If the cast of kids met up with the cast of Clueless, they might make Coming Soon, a smart, saucy film about three Manhattan private-school girls who want personal experience of what might be called the "Molly Bloom moment." You can imagine such a film, perhaps, but you can't watch it -- unless you have tickets to this weekend's Nantucket Film Festival, where it plays on June 19 -- because no theatrical distributor will touch Coming Soon, even though the raciest scene involves two girls in a Jacuzzi who never remove their bikinis. Twenty-five years ago, when Fellini made Amarcord, in which a bunch of teenage boys bounced their way to solitary release in a parked car, critics raved. But when the young director Colette Burson allowed a teenage female character to reach a no-hands epiphany via a conveniently placed water jet, studio honchos cringed, more than one described the film as "too lurid," and the MPAA gave the film a crippling NC-17 rating.
You might think post-sexual-revolution America had moved beyond the double standard. A quarter-century after Erica Jong's Fear of Flying, seventeen years after the carrot love lesson in Fast Times at Ridgemont High, and months since an Oval Office cigar made the nightly news, you might think a director could make a movie about girls' seeking what Barbara Walters euphemistically described to Monica Lewinsky as "things . . . that made you feel, as a woman, happy and contented." Think again.
Burson, 30, knew from the start that her movie was subversive. "When I showed the script to male directors, they'd say, 'I love it, but let's make it less about the girl-sex thing,' " she recalls. "Meanwhile, every teen movie you see is all about boys' getting lucky." Burson decided to make the film herself, assembling a winning cast that includes the rising actors Bonnie Root, Ryan Reynolds, and Gaby Hoffmann along with Mia Farrow, Ryan O'Neal, and Spalding Gray.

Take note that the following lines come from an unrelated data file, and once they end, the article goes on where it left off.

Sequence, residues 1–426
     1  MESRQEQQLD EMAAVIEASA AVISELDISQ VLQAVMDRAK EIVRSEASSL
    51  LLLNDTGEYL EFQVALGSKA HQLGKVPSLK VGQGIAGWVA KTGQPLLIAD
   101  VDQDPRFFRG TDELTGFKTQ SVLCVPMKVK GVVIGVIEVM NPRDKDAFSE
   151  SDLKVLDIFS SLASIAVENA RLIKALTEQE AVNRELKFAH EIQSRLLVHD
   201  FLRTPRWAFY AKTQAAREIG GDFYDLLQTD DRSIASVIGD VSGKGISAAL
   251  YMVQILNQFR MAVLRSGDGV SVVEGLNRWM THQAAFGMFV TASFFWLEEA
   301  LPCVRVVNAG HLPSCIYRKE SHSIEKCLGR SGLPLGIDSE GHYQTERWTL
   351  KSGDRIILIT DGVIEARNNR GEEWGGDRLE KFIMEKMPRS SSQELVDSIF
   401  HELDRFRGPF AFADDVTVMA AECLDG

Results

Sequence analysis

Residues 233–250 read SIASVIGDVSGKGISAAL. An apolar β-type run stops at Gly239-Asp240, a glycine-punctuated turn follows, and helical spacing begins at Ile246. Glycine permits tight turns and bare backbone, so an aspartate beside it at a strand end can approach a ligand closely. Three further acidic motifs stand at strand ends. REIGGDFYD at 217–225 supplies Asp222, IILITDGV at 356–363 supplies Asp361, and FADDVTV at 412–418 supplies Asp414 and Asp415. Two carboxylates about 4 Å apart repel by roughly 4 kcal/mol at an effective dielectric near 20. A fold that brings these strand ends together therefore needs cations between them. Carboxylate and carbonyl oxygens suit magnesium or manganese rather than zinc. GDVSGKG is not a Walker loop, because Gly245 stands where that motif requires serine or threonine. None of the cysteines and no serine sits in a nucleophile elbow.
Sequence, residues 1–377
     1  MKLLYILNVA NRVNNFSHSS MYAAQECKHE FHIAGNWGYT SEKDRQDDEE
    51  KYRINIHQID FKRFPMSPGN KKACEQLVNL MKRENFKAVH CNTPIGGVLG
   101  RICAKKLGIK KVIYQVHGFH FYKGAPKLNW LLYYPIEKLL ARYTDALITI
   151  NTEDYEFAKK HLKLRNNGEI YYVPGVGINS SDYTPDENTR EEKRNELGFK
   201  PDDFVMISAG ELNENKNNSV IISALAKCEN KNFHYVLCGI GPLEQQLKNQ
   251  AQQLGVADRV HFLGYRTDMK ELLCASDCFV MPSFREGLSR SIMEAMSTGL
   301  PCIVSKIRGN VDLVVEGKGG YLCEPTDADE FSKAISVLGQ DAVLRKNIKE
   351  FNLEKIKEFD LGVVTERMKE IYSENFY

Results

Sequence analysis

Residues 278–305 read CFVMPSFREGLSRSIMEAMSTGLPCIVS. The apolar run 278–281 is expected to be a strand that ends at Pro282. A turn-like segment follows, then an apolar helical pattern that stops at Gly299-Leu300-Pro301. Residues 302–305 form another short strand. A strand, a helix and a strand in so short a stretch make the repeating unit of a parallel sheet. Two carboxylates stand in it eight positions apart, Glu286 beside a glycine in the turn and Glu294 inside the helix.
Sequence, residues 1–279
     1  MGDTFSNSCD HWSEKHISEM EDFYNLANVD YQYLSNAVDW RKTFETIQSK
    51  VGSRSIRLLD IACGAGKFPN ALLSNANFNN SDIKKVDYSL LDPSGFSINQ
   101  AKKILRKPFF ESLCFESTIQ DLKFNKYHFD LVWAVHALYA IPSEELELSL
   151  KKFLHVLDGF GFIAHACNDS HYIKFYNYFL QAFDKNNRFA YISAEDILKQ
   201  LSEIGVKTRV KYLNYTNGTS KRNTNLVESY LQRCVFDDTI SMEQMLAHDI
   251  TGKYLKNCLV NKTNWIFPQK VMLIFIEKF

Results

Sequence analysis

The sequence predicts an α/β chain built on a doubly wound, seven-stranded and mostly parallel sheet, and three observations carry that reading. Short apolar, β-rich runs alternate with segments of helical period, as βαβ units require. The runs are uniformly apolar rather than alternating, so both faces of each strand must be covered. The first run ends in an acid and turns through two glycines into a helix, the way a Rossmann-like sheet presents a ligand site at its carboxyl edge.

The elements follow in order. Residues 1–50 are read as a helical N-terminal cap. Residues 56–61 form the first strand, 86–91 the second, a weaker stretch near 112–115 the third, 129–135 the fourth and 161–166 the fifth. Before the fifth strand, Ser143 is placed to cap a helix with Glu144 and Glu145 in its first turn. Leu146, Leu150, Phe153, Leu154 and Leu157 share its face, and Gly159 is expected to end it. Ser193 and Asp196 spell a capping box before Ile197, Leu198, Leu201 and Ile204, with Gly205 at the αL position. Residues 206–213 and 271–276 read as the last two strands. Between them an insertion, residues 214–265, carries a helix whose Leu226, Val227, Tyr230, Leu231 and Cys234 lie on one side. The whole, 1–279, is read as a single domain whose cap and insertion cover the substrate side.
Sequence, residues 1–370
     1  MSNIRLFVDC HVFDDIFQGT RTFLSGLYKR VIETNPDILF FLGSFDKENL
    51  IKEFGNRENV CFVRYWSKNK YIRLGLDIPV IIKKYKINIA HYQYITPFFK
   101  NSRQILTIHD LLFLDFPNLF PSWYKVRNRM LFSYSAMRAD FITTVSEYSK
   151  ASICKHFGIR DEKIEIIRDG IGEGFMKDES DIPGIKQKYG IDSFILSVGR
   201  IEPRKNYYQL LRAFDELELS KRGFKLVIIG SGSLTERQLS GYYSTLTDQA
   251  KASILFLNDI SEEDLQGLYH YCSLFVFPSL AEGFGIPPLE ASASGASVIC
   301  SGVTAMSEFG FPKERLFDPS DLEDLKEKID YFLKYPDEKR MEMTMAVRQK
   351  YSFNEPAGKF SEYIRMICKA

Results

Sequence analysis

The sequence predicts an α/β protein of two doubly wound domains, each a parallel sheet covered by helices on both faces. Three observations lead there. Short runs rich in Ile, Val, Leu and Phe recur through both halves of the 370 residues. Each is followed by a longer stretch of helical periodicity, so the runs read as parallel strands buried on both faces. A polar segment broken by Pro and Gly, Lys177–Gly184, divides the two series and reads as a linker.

Coming Soon premiered in April at the Los Angeles Independent Film Festival. Audiences raved, and teenage girls came back for a second screening. "I wasn't surprised when women loved the movie, but I didn't expect that so many men would hate it," says Burson. "A production designer went up to my editor and said, 'It really makes me mad -- these girls act like they have a right to an orgasm.' " A female executive who tried to buy the film through a major studio was astonished when a male higher-up turned it down. "I saw it with a whole bunch of women," she reports, "and they gave it a standing ovation."
Jill Goode, a co-founder of the Nantucket festival, will screen the uncut NC-17 version (to get an R rating, Burson trimmed the kind of gum-cracking conversations you overhear Fieldston girls holding at Zabar's). "I think it's a universal film for girls," she says. "It's very smartly written -- that's why we're closing the festival with it. I think it's a crowd pleaser." Mia Farrow, who plays a sharing-caring hippie mother, agrees: "It touches so precisely and so cleverly on so many things." So would she vouch for the film? Yes she said yes she would Yes.